Bermejo-Rubio and the Titulus Crucis ("King of the Jews")

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Giuseppe
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Re: Bermejo-Rubio and the Titulus Crucis ("King of the Jews")

Post by Giuseppe »

Kunigunde Kreuzerin wrote: Wed Feb 07, 2024 4:12 am
That's cheating :D
holy words. The so-called 'midrashical' school is totally affected by that kind of errors.

And yet I am expecting what you know about the titulus crucis in Mark, interpreted "in modality midrash".
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Re: Bermejo-Rubio and the Titulus Crucis ("King of the Jews")

Post by Kunigunde Kreuzerin »

Giuseppe wrote: Wed Feb 07, 2024 9:17 amAnd yet I am expecting what you know about the titulus crucis in Mark, interpreted "in modality midrash".
I don't think I have an answer to your question that would satisfy both you and me. Maybe another idea will come along. Nevertheless, I'll try to say a few words about this inscription, which I find increasingly interesting.

1.
First of all, as I said, it is not clear from Mark 15:26 what kind of inscription this is. It could be an inscription placed above Jesus' head like in the other gospels, it could be a board next to the cross, it could even be words that someone wrote on Jesus' body. It's just an inscription. If we were speaking in the context of a book, it would be the title of the work (it also sounds a bit like the title "Kings" of the Books of Kings in the LXX).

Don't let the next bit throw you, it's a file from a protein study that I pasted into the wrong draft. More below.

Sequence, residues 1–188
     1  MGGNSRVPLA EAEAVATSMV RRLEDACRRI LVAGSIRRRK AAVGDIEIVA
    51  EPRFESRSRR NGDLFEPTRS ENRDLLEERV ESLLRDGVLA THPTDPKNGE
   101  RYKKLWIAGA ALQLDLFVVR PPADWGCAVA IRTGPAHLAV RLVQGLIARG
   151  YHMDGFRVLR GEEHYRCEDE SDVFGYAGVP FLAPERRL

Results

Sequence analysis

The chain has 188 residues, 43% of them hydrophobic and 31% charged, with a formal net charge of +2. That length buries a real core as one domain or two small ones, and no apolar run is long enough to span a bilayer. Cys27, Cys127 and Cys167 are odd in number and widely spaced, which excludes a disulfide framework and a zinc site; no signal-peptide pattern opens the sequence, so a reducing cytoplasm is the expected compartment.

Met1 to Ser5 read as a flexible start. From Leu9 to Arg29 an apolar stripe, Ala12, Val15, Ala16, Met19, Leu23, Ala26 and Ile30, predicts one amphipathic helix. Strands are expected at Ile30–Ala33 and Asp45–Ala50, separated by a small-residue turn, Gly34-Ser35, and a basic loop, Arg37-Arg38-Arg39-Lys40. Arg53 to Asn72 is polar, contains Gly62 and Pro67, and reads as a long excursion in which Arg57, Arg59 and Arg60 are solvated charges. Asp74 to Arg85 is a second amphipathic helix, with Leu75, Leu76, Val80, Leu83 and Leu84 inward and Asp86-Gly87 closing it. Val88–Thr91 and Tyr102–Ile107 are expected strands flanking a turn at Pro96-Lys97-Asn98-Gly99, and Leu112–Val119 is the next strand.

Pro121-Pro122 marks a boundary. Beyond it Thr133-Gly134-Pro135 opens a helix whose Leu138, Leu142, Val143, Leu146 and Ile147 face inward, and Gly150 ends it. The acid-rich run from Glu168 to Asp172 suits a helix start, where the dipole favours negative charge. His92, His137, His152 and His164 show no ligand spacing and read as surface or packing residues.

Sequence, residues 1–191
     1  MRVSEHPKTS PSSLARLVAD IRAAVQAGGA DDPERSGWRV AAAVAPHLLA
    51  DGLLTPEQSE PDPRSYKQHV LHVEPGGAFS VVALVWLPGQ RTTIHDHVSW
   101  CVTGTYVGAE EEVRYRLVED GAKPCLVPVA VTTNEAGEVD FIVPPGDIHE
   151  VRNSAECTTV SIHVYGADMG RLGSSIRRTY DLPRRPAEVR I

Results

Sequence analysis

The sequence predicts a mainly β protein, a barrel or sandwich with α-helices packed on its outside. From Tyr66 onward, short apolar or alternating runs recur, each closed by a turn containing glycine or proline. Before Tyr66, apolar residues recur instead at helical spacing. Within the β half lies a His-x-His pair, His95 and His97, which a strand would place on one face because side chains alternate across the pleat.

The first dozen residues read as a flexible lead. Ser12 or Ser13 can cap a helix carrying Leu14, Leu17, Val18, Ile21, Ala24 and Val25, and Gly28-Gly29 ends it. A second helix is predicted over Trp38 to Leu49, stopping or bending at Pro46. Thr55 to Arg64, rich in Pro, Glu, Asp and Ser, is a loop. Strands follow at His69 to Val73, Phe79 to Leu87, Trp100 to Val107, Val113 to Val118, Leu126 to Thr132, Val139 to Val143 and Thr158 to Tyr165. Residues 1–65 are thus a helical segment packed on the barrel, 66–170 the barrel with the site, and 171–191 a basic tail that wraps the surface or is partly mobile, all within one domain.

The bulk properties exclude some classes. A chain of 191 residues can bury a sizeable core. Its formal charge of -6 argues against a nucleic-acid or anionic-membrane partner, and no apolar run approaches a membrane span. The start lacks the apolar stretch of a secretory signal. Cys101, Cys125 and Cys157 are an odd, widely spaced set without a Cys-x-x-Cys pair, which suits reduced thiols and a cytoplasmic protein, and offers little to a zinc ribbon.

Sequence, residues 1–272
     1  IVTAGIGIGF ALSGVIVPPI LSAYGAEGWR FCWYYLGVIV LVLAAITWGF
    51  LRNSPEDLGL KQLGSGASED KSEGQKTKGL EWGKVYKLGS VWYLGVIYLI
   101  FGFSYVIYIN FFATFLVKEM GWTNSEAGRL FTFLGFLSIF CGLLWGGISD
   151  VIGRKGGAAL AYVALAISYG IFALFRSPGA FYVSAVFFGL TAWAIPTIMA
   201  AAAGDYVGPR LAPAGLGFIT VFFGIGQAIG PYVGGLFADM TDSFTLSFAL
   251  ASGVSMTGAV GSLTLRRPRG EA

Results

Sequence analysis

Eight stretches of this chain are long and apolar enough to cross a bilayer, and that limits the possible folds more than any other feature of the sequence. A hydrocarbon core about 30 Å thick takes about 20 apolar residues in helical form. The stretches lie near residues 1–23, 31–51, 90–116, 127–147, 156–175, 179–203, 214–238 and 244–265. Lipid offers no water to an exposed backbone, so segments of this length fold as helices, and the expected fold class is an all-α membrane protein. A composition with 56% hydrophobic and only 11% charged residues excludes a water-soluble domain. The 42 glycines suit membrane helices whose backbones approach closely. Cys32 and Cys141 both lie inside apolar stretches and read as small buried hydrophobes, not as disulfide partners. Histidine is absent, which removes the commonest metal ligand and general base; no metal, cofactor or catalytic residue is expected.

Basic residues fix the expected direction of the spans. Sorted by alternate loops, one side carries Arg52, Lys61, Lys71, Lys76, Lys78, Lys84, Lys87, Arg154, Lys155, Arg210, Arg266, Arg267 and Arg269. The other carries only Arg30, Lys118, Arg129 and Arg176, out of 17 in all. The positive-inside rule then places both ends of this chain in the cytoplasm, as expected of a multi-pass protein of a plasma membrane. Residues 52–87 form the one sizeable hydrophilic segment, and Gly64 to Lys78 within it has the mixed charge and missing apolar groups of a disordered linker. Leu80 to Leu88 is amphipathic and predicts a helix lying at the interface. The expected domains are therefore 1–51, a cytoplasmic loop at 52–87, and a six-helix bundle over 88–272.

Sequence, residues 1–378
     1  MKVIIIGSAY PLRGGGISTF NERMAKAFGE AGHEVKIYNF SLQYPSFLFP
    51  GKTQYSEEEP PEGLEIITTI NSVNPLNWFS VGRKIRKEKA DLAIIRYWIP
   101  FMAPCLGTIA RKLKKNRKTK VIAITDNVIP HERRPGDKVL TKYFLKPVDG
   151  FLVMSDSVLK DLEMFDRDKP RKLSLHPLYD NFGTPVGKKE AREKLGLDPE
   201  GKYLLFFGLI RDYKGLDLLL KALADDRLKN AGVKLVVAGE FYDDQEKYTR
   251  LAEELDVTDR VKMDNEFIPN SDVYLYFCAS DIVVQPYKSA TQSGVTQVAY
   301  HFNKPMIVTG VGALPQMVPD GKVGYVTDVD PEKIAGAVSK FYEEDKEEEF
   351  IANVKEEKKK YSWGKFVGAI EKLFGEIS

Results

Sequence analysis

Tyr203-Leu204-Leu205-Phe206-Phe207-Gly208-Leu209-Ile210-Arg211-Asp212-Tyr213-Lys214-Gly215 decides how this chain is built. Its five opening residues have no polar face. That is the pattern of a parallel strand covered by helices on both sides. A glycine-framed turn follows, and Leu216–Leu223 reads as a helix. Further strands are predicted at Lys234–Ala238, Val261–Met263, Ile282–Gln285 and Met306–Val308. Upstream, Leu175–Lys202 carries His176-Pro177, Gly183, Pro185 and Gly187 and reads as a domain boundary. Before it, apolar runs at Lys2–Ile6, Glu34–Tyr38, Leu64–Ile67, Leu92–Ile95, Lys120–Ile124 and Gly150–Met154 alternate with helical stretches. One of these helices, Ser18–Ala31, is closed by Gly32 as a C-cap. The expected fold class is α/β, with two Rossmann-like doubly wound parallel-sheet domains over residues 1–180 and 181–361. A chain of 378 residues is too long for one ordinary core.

It is also unclear in GMark who wrote the inscription and put it up or hung it up. The inscription is just there. Mark writes this explicitly: "And it was the inscription ..." Note the definite article.

The further description of the inscription is also not clear. Most translations use the term "inscription of the charge" or "inscription of the accusation", but the Greek word αἰτία can also simply mean "cause" and was prominently used in this sense by Aristotle. It doesn't necessarily mean anything negative either. An inscription commemorating an elevation to a Roman emperor could be expressed in exactly the same words.

So there is a mysterious inscription in GMark that seems to come out of nowhere and it reveals: King of the Judeans.

2.